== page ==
Andrew Card, chief of staff to President George W. Bush and deputy chief of staff to President George H.W. Bush, shares his perspective on the surprisingly challenging “friendly” transition from President Reagan to President George H. W. Bush. Card shares insights from his distinguished career in the Reagan, George H.W. Bush and George W. Bush Administrations.

[tunein id=”t142450706″]

Read the highlights:

Dave: One of the challenges of the Reagan to H.W. Bush transition was how Bush put his own stamp on the presidency. Reagan was an incredibly popular president, a strong president. He revolutionized the Republican party, but Bush had to show that he was different. How did you do that? And what are the key things that President Bush did early on to say this will be a different tone, a different presidency, a different approach?

Andrew: “It started with George H.W. Bush, who recognized that he didn’t have the same personality as Ronald Reagan. He wasn’t the same kind of communicator as Ronald Reagan. And the world was also different. George H.W. Bush has got the greatest resume of anyone who’s ever been president, but it’s a resume grounded in relationships and relationships developed through his years at the UN, or as Envoy to China, or CIA director, or Chairman of the Republican Party or Vice President. Whereas Ronald Reagan’s was kind of built by a celebrity status and great communications, the ability to translate political jargon into common everyday language. I think George H.W. Bush recognized he wasn’t Ronald Reagan. He agreed with Ronald Reagan on most of the policy aspects, but he wasn’t Ronald Reagan. He was going to have a different style to his government.”

Dave: So, George H.W. Bush was vice president and he was a candidate for president. How much time did he actually spend on the transition and how often did the transition team brief him or meet with him?

Andrew: “Most of American history has had transitions centered around hostile takeovers: my candidate lost, your candidate won and it’s a different party. This was a friendly takeover, so we had the added burden of managing the expectations of people working for President Reagan who just assumed if George Bush got elected president that they would stay in their job… But candidly, the campaign was so focused on the campaign, they were not spending a lot of time thinking about the transition. It was kind of left [to] the day after the election.”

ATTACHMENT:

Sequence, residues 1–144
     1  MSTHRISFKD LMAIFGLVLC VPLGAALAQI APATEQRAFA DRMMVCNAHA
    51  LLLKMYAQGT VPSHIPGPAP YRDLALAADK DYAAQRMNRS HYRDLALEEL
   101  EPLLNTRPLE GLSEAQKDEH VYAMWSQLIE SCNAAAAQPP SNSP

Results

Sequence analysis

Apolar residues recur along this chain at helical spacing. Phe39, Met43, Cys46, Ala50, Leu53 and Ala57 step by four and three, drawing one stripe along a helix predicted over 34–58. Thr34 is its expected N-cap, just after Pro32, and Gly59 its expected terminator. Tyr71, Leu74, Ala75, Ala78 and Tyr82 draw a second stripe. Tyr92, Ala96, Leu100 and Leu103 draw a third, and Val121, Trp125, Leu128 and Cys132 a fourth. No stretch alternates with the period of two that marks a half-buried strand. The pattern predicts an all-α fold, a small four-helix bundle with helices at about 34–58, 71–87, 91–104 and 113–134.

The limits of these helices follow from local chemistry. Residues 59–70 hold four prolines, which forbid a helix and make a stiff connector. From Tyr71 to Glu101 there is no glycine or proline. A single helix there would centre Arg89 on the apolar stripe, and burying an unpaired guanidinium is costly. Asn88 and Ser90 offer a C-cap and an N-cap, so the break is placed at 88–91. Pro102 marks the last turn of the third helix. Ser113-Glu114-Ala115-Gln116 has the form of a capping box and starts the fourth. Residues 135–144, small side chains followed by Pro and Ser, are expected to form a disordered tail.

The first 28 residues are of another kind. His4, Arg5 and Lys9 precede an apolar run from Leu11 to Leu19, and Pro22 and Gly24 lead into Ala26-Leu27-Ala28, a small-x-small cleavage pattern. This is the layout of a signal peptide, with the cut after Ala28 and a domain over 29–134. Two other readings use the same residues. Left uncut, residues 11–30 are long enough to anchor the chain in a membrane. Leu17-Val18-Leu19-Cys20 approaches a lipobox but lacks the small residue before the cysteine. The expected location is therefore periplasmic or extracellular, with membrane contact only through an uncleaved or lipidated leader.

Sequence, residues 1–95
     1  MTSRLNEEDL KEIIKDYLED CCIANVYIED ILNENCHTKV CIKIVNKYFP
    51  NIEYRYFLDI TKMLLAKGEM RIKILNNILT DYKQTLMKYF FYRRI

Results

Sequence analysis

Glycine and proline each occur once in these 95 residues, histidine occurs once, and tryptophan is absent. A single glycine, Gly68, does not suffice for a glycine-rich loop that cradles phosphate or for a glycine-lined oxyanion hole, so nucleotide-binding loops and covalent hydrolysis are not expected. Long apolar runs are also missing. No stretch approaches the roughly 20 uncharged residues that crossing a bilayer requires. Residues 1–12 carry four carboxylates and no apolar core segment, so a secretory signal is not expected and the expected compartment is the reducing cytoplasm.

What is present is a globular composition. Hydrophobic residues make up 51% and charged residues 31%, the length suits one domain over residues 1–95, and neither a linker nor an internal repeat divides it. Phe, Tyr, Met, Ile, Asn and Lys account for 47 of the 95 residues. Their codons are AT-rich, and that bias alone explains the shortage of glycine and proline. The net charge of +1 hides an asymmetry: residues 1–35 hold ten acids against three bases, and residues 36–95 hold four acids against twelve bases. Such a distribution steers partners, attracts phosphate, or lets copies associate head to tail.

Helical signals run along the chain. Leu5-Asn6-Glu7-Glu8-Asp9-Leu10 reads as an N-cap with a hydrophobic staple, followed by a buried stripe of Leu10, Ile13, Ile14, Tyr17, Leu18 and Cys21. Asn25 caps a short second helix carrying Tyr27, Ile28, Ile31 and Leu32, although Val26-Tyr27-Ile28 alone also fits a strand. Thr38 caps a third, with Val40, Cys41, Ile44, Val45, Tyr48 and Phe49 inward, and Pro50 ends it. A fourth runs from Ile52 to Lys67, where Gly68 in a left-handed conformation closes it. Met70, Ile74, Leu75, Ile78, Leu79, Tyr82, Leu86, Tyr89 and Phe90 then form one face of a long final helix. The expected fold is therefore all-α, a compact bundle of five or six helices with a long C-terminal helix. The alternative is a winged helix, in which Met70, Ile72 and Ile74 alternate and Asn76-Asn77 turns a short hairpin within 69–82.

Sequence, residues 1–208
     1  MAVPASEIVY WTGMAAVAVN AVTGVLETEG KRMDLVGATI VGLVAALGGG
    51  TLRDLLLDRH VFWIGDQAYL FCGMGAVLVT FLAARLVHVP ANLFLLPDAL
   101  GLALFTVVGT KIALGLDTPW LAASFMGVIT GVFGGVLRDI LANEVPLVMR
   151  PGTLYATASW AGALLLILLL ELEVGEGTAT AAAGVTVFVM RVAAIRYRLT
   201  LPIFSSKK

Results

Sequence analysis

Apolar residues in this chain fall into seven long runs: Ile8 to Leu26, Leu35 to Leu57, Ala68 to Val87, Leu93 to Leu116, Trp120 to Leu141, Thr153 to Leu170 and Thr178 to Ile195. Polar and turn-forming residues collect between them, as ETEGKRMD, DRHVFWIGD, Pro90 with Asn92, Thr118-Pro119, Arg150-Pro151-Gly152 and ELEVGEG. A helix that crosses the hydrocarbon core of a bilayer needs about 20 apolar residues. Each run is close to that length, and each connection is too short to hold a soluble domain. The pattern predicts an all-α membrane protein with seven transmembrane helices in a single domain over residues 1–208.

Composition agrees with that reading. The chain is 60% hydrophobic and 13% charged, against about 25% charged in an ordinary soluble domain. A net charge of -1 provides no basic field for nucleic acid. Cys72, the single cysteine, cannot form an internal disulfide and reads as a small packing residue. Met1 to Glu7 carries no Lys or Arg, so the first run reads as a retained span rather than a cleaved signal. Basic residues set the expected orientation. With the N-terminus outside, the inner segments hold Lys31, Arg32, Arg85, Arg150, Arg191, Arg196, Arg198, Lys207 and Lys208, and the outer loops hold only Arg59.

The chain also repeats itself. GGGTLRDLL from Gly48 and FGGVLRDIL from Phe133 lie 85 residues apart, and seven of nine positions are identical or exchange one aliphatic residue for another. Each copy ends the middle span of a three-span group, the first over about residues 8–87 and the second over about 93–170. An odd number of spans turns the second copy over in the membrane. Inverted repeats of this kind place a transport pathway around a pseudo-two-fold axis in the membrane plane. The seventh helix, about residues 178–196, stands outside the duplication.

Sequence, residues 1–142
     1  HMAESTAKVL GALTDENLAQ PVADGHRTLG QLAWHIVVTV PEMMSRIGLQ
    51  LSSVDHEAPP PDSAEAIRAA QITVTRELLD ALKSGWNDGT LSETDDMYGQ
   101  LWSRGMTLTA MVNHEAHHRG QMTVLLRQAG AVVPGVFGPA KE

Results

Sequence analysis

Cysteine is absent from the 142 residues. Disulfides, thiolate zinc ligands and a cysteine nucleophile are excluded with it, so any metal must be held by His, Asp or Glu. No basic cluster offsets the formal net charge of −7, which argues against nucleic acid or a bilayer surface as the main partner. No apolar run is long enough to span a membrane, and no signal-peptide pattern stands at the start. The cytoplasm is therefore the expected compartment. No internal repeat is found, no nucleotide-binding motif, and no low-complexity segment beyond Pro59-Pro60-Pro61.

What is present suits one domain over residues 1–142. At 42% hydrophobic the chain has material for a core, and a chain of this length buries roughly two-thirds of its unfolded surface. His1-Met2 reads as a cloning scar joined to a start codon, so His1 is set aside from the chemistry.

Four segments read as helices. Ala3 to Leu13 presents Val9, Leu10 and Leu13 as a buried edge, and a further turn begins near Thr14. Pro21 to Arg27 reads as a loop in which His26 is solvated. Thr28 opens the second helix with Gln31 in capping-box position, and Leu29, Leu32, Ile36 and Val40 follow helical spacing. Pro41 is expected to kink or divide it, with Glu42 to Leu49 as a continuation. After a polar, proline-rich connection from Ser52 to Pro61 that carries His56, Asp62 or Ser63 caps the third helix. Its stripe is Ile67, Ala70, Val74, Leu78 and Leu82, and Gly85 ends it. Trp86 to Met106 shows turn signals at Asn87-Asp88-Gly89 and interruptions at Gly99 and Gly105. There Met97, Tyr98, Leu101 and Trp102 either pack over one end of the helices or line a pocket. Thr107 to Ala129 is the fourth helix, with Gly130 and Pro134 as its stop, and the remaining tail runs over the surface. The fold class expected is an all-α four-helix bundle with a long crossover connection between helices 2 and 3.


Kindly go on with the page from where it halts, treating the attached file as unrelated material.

Contrasting “friendly” takeovers, where the outgoing and incoming presidents are of the same party, and “hostile” takeovers, where the two are of different parties, Card noted:

“The friendly takeover has the expectation from people who are working on ‘the same team’ that they’re going to continue to work on the same team. In a hostile takeover, everybody understands there’s a new sheriff in town. This creates expectations that things are going to change, including people… I ran the transition out when there was a hostile takeover when Bill Clinton came in and George H.W. Bush was leaving office… obviously the vast majority of people, according to the Clinton incoming team, would be to resign. It was surprising how many people, including cabinet members, said, ‘No, no, I’ll just wait until they remove me. I’m not planning to leave.’ And President Bush said, ‘No I promised I would clear the decks, we’ll clear the decks.’ It was much easier to do that in the context of a hostile takeover than a friendly one where the conversations were very different.”

Dave: There was a tough election [in 1992], the country wanted change. Since then, the country and history has shown a much more favorable light on George H.W. Bush. What do you think his biggest legacy will be?

Andrew: “His biggest legacy I think is that he was a decent man and truly respected by people who didn’t agree with him. He worked very very hard at not practicing braggadocio. It was never about him. He was a very, very humble leader. He had remarkable relationships on Capitol Hill, on both sides of the aisle. He had the ability to forget who his enemies were, and he would see them as friends.”

Dave: What would you advise the Trump people to be doing now to think about a potential second term?

Andrew: “Well, I think it’s very important that you not [wait to] start your planning for a second term until after you’ve won the right to have the second term. If you wait that long to start your planning, you’ll probably be about six months late before you can implement it.